Amidst preparations for the upcoming hurricane season, communities continue to rebuild from hurricanes of years prior. Hurricane Ian’s impact is still felt in Florida’s coastal communities  Sanibel Island, Fort Myers Beach, Pine Island, and Naples after high winds and record storm surge wreaked havoc on homes and left entire communities displaced. Even 9 months later, Airlink continues to support ongoing recovery efforts with NGO partners Inspiritus and Missions on Wheels to provide debris removal, muck-and-gut, and chainsaw services to seniors and other vulnerable homeowners.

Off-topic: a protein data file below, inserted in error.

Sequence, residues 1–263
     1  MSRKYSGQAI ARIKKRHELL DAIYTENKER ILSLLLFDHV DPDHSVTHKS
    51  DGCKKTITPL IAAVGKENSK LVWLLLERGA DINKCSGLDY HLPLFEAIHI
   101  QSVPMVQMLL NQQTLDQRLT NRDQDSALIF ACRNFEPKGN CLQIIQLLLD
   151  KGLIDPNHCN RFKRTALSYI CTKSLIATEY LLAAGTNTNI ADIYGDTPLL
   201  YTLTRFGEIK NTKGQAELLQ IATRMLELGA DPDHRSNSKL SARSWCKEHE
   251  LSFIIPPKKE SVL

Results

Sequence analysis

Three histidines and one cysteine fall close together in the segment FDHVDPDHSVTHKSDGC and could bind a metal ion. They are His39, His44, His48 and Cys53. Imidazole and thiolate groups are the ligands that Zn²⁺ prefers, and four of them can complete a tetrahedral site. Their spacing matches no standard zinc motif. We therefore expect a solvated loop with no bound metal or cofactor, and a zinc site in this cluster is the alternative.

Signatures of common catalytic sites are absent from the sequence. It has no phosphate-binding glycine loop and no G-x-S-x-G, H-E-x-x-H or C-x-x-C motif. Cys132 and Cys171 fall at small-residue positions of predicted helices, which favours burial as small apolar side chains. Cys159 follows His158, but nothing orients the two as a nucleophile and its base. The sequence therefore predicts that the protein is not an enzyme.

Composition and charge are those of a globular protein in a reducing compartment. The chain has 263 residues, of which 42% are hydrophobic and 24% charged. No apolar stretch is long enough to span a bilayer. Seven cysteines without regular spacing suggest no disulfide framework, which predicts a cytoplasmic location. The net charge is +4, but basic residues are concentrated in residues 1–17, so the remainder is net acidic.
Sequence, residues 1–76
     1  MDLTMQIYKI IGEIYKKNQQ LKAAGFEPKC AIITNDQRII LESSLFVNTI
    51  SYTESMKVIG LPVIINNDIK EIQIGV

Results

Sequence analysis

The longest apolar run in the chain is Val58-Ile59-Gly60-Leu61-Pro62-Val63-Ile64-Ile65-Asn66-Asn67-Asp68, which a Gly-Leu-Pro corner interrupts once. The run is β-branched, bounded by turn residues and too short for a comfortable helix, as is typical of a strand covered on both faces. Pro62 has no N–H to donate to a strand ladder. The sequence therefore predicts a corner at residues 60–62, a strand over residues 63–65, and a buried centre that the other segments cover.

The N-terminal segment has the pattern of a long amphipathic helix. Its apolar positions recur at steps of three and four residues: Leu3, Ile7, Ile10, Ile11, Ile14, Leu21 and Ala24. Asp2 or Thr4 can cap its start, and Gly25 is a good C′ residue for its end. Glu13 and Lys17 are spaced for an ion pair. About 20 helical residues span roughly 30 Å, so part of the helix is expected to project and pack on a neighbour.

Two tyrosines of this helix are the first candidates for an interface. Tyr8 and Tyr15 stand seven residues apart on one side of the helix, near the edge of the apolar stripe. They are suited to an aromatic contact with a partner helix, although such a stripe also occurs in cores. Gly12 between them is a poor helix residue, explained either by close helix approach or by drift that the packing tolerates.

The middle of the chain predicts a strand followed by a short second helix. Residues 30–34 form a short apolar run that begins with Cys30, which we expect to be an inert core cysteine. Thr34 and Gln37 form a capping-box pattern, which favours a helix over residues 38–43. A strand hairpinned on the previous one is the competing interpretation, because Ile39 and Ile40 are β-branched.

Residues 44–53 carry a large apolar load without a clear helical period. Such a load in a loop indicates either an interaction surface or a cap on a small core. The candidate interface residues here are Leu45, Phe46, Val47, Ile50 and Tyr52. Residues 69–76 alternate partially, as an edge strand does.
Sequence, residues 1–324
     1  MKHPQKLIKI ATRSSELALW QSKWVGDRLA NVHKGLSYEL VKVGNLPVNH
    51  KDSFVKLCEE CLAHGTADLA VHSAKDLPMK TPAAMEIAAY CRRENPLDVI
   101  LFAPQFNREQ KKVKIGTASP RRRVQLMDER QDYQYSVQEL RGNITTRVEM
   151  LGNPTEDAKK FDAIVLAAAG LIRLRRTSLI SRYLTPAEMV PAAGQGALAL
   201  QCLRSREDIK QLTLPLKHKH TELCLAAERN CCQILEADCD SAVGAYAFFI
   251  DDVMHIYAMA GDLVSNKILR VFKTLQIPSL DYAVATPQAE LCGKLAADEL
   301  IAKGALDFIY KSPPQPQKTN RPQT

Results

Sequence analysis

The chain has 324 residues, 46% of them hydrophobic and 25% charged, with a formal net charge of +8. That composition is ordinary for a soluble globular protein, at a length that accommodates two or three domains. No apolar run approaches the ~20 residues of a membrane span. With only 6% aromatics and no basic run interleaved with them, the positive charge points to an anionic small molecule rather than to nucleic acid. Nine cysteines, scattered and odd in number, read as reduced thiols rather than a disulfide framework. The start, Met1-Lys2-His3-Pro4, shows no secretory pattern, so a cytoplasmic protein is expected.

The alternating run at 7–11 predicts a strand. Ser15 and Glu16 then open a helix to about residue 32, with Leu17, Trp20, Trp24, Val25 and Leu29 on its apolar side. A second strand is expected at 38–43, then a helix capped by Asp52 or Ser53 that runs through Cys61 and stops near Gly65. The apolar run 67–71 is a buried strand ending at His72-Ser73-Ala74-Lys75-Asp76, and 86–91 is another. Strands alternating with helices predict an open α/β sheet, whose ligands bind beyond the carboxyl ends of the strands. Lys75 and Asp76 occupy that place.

We are acutely aware of the repercussions a hurricane can inflict upon a community that is still in the process of recovering from a prior devastating storm. In Louisiana, Airlink continues to support NECHAMA’s long-term recovery program for communities affected by 2020’s Hurricane Ida. The organization remains active in the St. Charles Parish area, providing support to homeowners that were hit by two major hurricanes in two years. When Hurricane Ida hit, the community was still in the process of recovering from the impact of Hurricane Laura’s landfall the year prior. The ongoing reconstruction efforts left residents unable to fully prepare for the impending storm, with many roofs still covered by tarps, leaving them vulnerable to the to the storms’ high winds and widespread flooding.